Here’s the Low-Down on West Africa’s ‘Out of Control’ Ebola Crisis
The deadliest outbreak of Ebola virus in one of history’s worst outbreaks on record, has sparked fears that the killer virus could spread from west Africa to other regions and continents.
While it seems like there’s no rhyme or reason to its path, one thing is clear: nothing can stop it.
“This epidemic is without precedent,” said Bart Janssens, director of operations for Médecins Sans Frontières, also known as Doctors Without Borders. “It’s absolutely not under control, and the situation keeps worsening… There are many places where people are infected, but we don’t know about it.”
The outbreak began with just a handful of cases in Guinea in March. Since then, there have been 814 confirmed cases and another 387 probable or suspected across that country, Sierra Leone and Liberia, according to the World Health Organization.
Some 672 people of the 1,201 total confirmed and possible infections have died, which equates to a 55% mortality rate, reports WHO as of July 23. (There have been 456 confirmed deaths due to Ebola.)
The fast-acting Ebola virus, which first appeared in 1976, produces a violent hemorrhagic fever that leads to internal and external bleeding. The infection is transmitted by direct contact with blood, bodily fluids, and tissues of infected people or animals.
Though there is no vaccine and no specific treatment for Ebola.
How does a person contract Ebola?
They usually acquire it from close contact with blood and body fluids, and that means someone coughs in your face, you handle a body or you look after someone and don’t have ideal infection-control methods. You get the virus on your hands, you touch your nose, your mouth.
What symptoms do Ebola patients show?
Symptoms include fever, chills, headache, anorexia and muscle pains. Eventually, people with the virus experience nausea, vomiting, stomach pain and diarrhea, followed by internal bleeding in the digestive tract, lungs and gums.
“It looks like the flu: fever, headache, sore throat, muscle aches and pains. That’s in the first few days. And then vomiting, diarrhea and the really serious part of the illness — that is the hemorrhage part — really doesn’t occur until toward the end of the first week.”
Why has this outbreak been so bad?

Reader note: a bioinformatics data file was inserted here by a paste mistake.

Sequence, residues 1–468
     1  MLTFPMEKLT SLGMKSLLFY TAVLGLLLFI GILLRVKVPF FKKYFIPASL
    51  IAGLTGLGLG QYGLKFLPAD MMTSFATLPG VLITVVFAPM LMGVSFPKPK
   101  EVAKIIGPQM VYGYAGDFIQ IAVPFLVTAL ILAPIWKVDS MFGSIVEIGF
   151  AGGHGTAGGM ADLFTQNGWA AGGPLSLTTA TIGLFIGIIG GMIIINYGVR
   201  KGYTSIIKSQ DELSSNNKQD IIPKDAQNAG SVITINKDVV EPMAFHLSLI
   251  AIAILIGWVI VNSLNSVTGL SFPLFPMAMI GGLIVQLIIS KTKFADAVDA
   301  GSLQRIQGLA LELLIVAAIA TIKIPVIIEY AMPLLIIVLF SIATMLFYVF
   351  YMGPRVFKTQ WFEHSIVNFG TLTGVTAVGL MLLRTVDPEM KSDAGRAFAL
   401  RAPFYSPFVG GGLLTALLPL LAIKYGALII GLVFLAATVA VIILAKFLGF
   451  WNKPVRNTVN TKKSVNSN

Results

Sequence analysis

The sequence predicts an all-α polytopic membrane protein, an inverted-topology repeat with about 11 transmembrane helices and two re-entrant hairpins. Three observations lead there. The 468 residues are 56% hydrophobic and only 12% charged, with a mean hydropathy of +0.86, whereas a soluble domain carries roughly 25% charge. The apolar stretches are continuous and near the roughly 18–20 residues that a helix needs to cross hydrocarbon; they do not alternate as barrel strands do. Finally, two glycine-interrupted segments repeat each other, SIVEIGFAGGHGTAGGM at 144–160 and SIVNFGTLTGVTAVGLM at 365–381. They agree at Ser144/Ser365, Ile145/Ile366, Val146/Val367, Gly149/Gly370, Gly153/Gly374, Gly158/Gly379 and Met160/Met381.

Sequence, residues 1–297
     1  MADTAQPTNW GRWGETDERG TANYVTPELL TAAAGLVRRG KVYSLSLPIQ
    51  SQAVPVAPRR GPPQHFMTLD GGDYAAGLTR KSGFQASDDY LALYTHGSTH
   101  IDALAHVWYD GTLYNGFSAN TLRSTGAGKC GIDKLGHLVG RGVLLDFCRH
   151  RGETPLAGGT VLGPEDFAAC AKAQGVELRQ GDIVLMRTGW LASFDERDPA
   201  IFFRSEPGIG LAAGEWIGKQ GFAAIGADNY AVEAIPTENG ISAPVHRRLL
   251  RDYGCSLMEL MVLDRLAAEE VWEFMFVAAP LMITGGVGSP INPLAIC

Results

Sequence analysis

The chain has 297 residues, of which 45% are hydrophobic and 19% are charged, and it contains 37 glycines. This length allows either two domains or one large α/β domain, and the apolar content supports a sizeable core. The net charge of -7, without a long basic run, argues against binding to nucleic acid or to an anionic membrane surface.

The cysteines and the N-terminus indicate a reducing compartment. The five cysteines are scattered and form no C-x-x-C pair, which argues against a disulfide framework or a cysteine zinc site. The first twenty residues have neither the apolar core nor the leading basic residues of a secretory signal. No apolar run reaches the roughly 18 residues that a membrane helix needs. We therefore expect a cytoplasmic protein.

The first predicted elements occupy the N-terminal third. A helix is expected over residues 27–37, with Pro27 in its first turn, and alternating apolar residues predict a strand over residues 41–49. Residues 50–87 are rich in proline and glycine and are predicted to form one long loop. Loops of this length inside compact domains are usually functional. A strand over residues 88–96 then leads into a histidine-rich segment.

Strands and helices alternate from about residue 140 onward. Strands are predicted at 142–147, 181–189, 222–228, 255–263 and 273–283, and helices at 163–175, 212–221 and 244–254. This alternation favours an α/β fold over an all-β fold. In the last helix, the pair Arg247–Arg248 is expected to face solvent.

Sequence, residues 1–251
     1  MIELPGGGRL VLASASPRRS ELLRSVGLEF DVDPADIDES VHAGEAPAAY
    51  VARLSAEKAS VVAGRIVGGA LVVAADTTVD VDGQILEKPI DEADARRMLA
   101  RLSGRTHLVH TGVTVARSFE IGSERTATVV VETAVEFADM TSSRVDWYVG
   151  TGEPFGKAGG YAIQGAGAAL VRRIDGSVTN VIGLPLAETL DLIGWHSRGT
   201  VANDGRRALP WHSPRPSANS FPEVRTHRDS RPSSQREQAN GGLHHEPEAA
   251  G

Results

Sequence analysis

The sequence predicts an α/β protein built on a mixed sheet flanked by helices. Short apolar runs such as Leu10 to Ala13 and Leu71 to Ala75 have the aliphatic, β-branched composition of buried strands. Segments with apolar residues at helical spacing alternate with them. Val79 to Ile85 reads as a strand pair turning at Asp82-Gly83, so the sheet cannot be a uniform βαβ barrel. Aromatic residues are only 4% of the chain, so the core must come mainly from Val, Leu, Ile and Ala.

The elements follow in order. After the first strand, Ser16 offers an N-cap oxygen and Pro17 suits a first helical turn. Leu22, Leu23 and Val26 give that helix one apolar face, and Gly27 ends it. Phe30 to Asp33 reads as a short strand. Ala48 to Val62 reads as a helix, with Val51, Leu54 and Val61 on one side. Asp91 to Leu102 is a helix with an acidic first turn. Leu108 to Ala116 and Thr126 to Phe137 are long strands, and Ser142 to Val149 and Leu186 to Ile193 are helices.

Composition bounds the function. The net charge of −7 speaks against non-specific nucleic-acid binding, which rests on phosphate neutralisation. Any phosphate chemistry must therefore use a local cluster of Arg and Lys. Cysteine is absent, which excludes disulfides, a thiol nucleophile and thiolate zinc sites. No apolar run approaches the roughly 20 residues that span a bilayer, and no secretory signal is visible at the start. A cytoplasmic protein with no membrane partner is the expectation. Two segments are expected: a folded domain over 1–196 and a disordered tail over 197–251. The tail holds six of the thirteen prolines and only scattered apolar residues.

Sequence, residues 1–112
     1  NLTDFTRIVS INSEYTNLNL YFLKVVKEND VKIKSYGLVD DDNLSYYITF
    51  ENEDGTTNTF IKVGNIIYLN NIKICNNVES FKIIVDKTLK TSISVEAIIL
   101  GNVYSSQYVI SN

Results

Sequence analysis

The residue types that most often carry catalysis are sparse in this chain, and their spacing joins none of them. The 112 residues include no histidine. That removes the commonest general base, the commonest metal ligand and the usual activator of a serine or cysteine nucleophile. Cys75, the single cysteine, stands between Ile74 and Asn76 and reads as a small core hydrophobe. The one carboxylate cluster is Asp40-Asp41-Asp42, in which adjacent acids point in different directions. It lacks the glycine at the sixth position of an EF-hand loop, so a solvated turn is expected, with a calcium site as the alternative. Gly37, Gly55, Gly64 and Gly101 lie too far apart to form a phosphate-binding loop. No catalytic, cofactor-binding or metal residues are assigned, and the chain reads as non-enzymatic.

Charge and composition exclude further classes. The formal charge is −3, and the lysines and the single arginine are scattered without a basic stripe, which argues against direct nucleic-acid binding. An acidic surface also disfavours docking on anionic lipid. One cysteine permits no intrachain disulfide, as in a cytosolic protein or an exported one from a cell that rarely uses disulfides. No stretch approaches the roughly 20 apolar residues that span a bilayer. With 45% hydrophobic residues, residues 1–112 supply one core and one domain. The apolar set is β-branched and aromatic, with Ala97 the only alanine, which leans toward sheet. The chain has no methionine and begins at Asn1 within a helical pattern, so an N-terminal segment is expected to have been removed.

“First, there’s a lot of cross-border travel. Whereas most other outbreaks have been isolated in the middle of virtually nowhere. Also, people in these countries don’t trust the government. They don’t believe in the infection. They hide their cases. If someone dies, they take [the body] home. And unfortunately the funeral procedures where you touch the body, and handle the body, markedly increases your risk. These cases are now more in central areas, cities rather than tiny villages. All of those reasons I think have compounded to make this a much greater outbreak.”
Doctors Without Borders has described the outbreak as “out of control,” begging for more aid and support. In one week, 50 new cases were reported, and the numbers continue to grow.
The situation has gotten so intense now in West Africa that the Liberia government has vowed to prosecute anyone found harboring Ebola patients.
But really, do they have any other choice when it’s already claimed so many lives?
How easily could Ebola spread outside Africa?
Serious viruses such as Ebola may be just “a plane ride away” from reaching the developed world, according to Marty Cetron of the U.S. Centers for Disease Control and Prevention (CDC).
Mindful of this, Nigeria-based airline companies ASKY and Arik Air suspended operations at the end of July into Monrovia and Freetown, the capitals of Liberia and Sierra Leone, respectively. ASKY said passengers departing from Conakry, Guinea, would be screened for signs of the virus.
Cetron says it is unlikely the virus would spread on an airplane unless a passenger were to come into contact with a sick person’s bodily fluids.
Stressing the key role that those working at airports play in keeping Ebola in check, the CDC spokesman said:
“Being educated, knowing the symptoms, recognizing what to do, having a response to protocol, knowing who to call — those are really, really important parts of the global containment strategies to deal with threats like this.”